Rookie Watch 2019-2020: RJ Barrett
(photo cred: SI.com)
If you have read any of my work over the past year, you are well aware that I am an RJ Barrett truther. All journalistic ethics go to the wayside when writing about the third overall pick in last year's draft. I promise, however, I will tell you the good, bad and ugly when reviewing Barrett's year so far.
Boy, that hurt to say. So to put me in a good mood again, I will tell you about some of Barrett's highlights from his freshman campaign.
Want some to see those ethics I was talking about earlier? Barrett's pick and roll ballhandler numbers are atrocious. Throw up in the mouth type of gross. Yet, the eye test shows obvious potential. Plus, getting your pick and roll numbers to a respectable place while playing for the Knicks is a tall order.
Barrett's greatest strength may be getting to the rim. Does he have trouble finishing there? Yes. Still, it is clear that RJ inherited some vision from his godfather Steve Nash. Watch him get down hill on this pick and roll drive only to find Julius Randle hiding in the corner for a triple.
Let's gradually increase the degree of difficulty. This assist also comes via the pick and roll. In this next clip Barrett decides to throw a crosscourt dart with his offhand. Try this pass during your next pickup game if you think it is a routine NBA play.
This next assist comes off of a broken play but may the most impressive yet. Barrett makes something out of nothing by driving to the rim against a combined three All-Defensive team awards and arguably the best defensive trio in the game today.
Barrett takes advantage of Embiid's blocking prowess and baits him into thinking a shot attempt is coming. Ben Simmons and Al Horford come along too. Then, Barrett rifles a pass to Taj Gibson who takes care of the rest. Watch this clip and tell me when Barrett looks back to know Gibson is coming. Spoiler Alert: he doesn't. You can't teach this type of feel.
You can type "RJ Barrett point guard" into Google and figure out I may not be the only one thinking that the former Blue Devil could experiment with a position change. That will remain a fun question to monitor throughout his career. There are more pressing matters to ponder, however.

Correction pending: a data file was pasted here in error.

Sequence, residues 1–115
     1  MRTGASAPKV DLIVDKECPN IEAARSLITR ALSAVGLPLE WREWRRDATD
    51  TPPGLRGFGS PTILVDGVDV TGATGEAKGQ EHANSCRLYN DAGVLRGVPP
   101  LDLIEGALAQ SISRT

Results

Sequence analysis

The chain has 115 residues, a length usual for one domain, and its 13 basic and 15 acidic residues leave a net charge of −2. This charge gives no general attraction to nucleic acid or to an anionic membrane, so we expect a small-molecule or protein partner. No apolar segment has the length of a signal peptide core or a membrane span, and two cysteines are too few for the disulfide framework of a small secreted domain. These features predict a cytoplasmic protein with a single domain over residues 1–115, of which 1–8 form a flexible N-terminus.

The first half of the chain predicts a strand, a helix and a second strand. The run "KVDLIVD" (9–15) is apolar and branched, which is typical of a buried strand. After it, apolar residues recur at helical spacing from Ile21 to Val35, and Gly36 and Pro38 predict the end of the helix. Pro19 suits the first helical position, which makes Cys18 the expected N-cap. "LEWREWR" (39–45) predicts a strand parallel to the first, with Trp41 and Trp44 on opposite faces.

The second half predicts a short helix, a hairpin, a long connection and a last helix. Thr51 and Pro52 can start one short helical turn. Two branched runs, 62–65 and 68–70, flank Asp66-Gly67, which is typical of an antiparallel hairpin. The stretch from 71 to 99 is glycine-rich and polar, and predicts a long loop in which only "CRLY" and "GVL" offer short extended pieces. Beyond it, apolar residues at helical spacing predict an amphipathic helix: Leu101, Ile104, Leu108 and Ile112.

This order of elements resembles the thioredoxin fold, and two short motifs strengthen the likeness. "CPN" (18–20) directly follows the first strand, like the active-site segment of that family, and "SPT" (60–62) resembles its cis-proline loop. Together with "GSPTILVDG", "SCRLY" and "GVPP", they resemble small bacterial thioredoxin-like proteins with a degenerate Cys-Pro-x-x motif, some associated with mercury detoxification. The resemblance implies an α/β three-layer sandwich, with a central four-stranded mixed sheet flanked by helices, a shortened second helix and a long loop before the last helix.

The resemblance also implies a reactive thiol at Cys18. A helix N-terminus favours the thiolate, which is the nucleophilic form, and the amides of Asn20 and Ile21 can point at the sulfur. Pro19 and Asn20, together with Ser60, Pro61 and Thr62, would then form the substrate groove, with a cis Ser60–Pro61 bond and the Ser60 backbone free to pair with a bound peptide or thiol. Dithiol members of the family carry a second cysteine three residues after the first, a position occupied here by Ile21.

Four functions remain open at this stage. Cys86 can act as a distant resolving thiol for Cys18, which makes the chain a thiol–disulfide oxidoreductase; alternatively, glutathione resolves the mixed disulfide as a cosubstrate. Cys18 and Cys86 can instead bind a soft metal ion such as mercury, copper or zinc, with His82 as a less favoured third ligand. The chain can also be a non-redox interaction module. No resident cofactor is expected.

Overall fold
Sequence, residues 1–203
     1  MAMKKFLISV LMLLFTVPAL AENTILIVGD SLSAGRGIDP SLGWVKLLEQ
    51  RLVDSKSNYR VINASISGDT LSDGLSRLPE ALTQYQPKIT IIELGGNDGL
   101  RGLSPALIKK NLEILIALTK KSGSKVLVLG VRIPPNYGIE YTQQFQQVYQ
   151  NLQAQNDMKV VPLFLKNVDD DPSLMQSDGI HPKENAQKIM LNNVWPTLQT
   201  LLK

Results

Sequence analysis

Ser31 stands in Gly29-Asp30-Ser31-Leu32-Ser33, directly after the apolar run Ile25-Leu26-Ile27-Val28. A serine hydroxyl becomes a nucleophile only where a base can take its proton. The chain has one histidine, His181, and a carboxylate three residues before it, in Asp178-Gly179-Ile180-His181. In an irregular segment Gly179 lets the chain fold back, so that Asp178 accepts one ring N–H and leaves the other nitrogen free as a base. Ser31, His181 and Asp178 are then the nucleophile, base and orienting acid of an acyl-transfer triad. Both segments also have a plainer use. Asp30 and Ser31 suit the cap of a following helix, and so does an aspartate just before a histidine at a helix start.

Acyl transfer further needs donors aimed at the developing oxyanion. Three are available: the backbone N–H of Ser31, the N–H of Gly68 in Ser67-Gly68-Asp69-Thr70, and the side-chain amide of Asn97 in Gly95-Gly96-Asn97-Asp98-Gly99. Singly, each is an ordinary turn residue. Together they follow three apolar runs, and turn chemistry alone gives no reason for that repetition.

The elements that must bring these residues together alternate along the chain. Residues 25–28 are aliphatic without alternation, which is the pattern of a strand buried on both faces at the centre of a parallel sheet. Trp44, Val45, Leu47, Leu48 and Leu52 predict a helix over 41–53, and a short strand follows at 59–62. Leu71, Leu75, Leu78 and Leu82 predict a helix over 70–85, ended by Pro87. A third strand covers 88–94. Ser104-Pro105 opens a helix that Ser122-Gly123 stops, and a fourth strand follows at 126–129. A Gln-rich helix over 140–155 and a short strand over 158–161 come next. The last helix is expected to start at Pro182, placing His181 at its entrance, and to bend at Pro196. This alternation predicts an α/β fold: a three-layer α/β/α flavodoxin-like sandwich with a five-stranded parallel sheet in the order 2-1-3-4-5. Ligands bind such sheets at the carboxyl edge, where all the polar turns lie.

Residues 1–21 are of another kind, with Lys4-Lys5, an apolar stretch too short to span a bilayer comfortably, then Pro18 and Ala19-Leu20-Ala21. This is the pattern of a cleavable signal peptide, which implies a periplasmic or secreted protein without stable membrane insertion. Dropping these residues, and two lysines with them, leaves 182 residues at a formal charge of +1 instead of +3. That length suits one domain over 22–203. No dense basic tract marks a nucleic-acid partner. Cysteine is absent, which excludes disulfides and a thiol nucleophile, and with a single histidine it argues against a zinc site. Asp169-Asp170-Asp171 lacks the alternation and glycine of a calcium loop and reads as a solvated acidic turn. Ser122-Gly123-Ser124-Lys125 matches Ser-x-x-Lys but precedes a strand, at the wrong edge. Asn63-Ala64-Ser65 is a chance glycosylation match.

Throughout his first 15 games as a rookie, Barrett hit a respectable 36.2 percent of his 3.1 3-point attempts per game. Things went south in a hurry. Since then, Barrett has slightly upped his attempts but seen his percentage drop to 24.4 percent. What works and what doesn't?
Barrett has found only minor glimpses of hope when shooting catch-and-shoot triples. Although he is shooting only 32.4 percent on all C&S attempts, that number increases to 34.6 percent when launching them from the corner. Perhaps this is due to Barrett's need to be aligned with the hoop. Shooting from a smaller distance probably also helps his accuracy.
So, what happens during all of those misses? Fortunately, for both Barrett and curious fans alike, Barrett's flaws can be identified when studying his arm mechanics. Watch how far beyond a 90 degree angle his elbow takes during this attempt. Additionally, a keen eye may notice that his follow through extends too far upwards.
More of his shooting woes trace their origins back to the upper body. This video is slowed down so you can watch Barrett's shooting hand. Why does it kick out to the side during the follow through?
While he shoots, RJ does two distinct things that frustrate me. Firstly, he almost always dips the ball too low. Sure, some shooters have had success while doing this (see Smith, JR.) But this excess and elongated motion only allows for more things to go wrong during the shot.
Secondly, Barrett is no stranger to doing odd things with his guide hand. What does Barrett's guide hand have in common with an ex-girlfriend who said she wanted to stop by to pick up her sweats? They both awkwardly linger too long. You do not need to be a shot guru to know this needs to be addressed.
There are some signs of life, though. Perhaps Barrett's best 3-pointer of the year came off of the bounce. Although the dip is still exaggerated, the upper body mechanics look smooth and the shot comes off clean with a nice arc to it.
I mentioned the ugly earlier in this piece. What could that be? A once-over of Barrett's free throw numbers should make you shudder. His free throw attempt rate stats are noteworthy but Barrett cannot complete the plays. He is hitting below 60 percent from the stripe.
Getting to the line is almost required for players to reach superstardom. Barrett does a great job of that. Cashing in during these freebies is another story. As of now, RJ is taking a physical beating and not capitalizing. What's more, this low percentage does not bode well for his career perimeter shooting prospects.
Overall, Barrett's first year in the league is going as expected. The Knicks are arguably the worst team in the NBA. Surely, this has not helped polish Barrett's game too much. Tight closeouts on 3-pointers happen often and that certainly does not help his percentages.
Still, Barrett must work on finishing in the paint and converting at the line. His body is NBA ready and there is much to like about his shot selection. Will these shots start to fall? The rest of Barrett's rookie season, and perhaps his career trajectory, will depend on this question.